Second dress rehearsal: Sue LaRue had all the costumes completed except Malvolio’s yellow stockings and cross-garters. At 7:00 we began taking photographs. I hoped to take all the shots in 30 minutes; we took exactly an hour longer. A real bore. I made a list of shots to take, but hadn’t thought – have never thought – about photo composition, so they may be good or they may be junk or they may be both. The photographer expected me to know! Depth and variety seem to help make good photos. . . . Then we ran the whole show. It wasn’t as good as last night but it had its points. Most of the problems were technical – for example, Malvolio threw his veil at Olivia; Feste, referring to Viola, pointed at Olivia inadvertently; Malvolio dropped syllables (“Play with some rich Jew” for “jewel”); Olivia, trying to look astonished, looked like she had cramps.

Many words were hard to understand, too. A properly run rehearsal period would teach the cast to discover and correct this sort of problem for itself. We finished about 9:45.

Our crisis for tonight was that Andrew was 45 minutes late for call. When he arrived, he said he’d been apartment hunting and his watch had stopped (he showed me a watch which said 4:10). My first inclination was to replace him in the show with Leonard; and Leonard, although I suppose he didn’t especially want the role (I didn’t tell him he’d have it, but I’m sure he knew), apparently felt we should replace Andrew. I decided to keep him, because of the late date, the photographs, and the cataclysm his replacement would cause the cast; but I told him it was concern for the show, not for him, that saved his hide. He appeared shaken. The cast probably would have been glad to see him replaced, at first; but quickly would have seen how much more they were in for now.

May 16


Final dress rehearsal began at 7:00, with makeup call at 5:30. Maria told us how excited the children were at Glasgow as she told them the story of the play; she said they remembered all the way through who Sebastian was. (We weren’t going to do the play at Glasgow, but because of some scheduling confusion Natural Bridge cancelled out yesterday and Glasgow went in.) I’d asked Betty for some children tonight for an audience, and they were there, but they hardly reacted at all. I thought the performance was mechanical. I told the actors they weren’t listening to each others’ lines, but simply waiting to say their own. They were surprised; they thought they were good tonight. I thought they were dull. Then Feste and Toby worked on the song at the end. Feste speaks it all, because I can’t imagine their working out the singing successfully. I tried to break up his lines for variety. He doesn’t understand the words of the song, and they’re hard to explain. The general problem with rehearsal was that the actors weren’t standing open, but were facing each other and closing themselves off from the audience. The audience tonight came with expectations, but was colossally bored, with some exceptions. We broke up about 8:30, in order to allow sleep for tomorrow. (“Party!” everyone shouted.)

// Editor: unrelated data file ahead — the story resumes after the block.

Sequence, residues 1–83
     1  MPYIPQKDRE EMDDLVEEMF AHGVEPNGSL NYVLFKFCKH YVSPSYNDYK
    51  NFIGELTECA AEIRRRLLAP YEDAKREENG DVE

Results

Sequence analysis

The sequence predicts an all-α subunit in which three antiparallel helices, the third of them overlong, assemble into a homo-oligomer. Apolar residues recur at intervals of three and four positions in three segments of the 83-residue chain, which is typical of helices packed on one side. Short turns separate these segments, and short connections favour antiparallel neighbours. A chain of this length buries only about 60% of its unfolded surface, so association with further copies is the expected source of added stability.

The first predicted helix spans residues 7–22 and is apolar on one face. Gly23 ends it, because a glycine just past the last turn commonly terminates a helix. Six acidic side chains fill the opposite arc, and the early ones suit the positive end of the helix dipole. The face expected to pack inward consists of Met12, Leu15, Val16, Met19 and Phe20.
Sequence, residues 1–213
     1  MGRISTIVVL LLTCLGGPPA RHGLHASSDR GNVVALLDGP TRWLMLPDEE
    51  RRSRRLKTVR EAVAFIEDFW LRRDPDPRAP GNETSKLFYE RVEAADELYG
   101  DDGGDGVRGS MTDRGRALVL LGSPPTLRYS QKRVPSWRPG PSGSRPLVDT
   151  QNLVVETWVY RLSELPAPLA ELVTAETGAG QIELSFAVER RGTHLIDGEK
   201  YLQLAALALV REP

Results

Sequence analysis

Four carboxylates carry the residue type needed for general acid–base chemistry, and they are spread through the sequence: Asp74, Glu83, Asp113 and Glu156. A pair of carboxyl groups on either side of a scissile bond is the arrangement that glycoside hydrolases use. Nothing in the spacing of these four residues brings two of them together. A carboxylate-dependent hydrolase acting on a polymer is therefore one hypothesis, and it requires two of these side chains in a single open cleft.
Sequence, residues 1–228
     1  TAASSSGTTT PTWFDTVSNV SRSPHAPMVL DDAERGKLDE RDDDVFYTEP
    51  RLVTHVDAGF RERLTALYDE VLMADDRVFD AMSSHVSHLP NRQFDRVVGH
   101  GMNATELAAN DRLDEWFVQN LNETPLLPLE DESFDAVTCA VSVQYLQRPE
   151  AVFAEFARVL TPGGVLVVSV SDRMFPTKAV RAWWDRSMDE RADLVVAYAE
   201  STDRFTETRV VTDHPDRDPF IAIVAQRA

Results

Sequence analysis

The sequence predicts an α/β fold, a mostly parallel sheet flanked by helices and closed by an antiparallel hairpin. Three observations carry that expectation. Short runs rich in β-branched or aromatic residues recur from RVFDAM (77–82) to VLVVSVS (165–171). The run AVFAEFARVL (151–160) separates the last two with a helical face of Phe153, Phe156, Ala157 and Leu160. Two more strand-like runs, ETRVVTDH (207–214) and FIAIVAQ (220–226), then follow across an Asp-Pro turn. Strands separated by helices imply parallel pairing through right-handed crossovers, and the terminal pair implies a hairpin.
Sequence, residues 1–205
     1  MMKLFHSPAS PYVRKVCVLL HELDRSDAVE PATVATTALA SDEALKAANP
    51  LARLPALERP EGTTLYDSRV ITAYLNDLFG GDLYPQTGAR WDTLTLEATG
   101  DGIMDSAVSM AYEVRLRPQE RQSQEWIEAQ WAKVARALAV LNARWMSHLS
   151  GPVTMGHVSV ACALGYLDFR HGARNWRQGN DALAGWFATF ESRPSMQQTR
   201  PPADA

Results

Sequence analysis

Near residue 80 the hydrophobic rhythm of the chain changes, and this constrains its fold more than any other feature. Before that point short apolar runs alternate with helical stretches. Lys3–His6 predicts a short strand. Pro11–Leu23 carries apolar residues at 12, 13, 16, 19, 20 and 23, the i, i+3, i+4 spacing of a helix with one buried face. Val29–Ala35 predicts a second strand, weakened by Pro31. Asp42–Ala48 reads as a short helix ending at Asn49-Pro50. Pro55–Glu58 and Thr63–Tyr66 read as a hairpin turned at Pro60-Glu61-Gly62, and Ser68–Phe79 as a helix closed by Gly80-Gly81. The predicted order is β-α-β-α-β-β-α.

May 17

First performance, at Glasgow. There wasn’t much excitement during makeup, but things went smoothly. The stage at Glasgow is small and the audience only about 150. The set was driven out in an Army 2½-ton truck loaned by VMI for a week along with a Sergeant First Class named Poorboy, who says he doesn’t know much about this Shakespeare. He’s pleasant and although he wasn’t required to, he helped with moving the set. The performance wasn’t bad. The audience cheered for Maria, who’s the school librarian, at the end, but they didn’t react vocally too much during the show. I thought they were watching, though. The cast had expected wall-to-wall tumult (so had I, although Leonard had warned me about that notion – I agreed but didn’t change my tune) and were upset when it wasn’t there. Still I think the cast was pleased, and relieved. It’s sort of a quiet show. It seems to tell the story. (Story outlines had been circulated, so the children knew it anyway. When Feste said, “What do you think? Is her brother really dead?” they said “No!”)

Then we traveled to Fairfield, ‘way on the other side of Lexington, ate outdoors (Betsy Brittigan, that good soul, is providing sandwiches – very tasty), and set up. Then – surprise! – the principal started sending students in early, so the auditorium was filled 20 minutes ahead of schedule, before Sebastian, who had been setting up lights, was even in costume. I’d told the cast that they could play with raising the audience reaction level by varying what they do before the play starts, trying different approaches. They hardly had a chance this time because of the surprise early start; but they did move out into the audience while waiting. The main problem with the performance was that toward the end it became a strain to hear (the auditorium is large), and the audience showed the problem by rustling and talking. The cast was disturbed by the noise; I told them it was simply a problem of intelligibility. When Feste started the Sir Topas routine in a big voice, the noise stopped. Maria’s and Olivia’s voices especially don’t carry well.

Someone at Fairfield asked Olivia today whether Peter Pan would really fly in our production.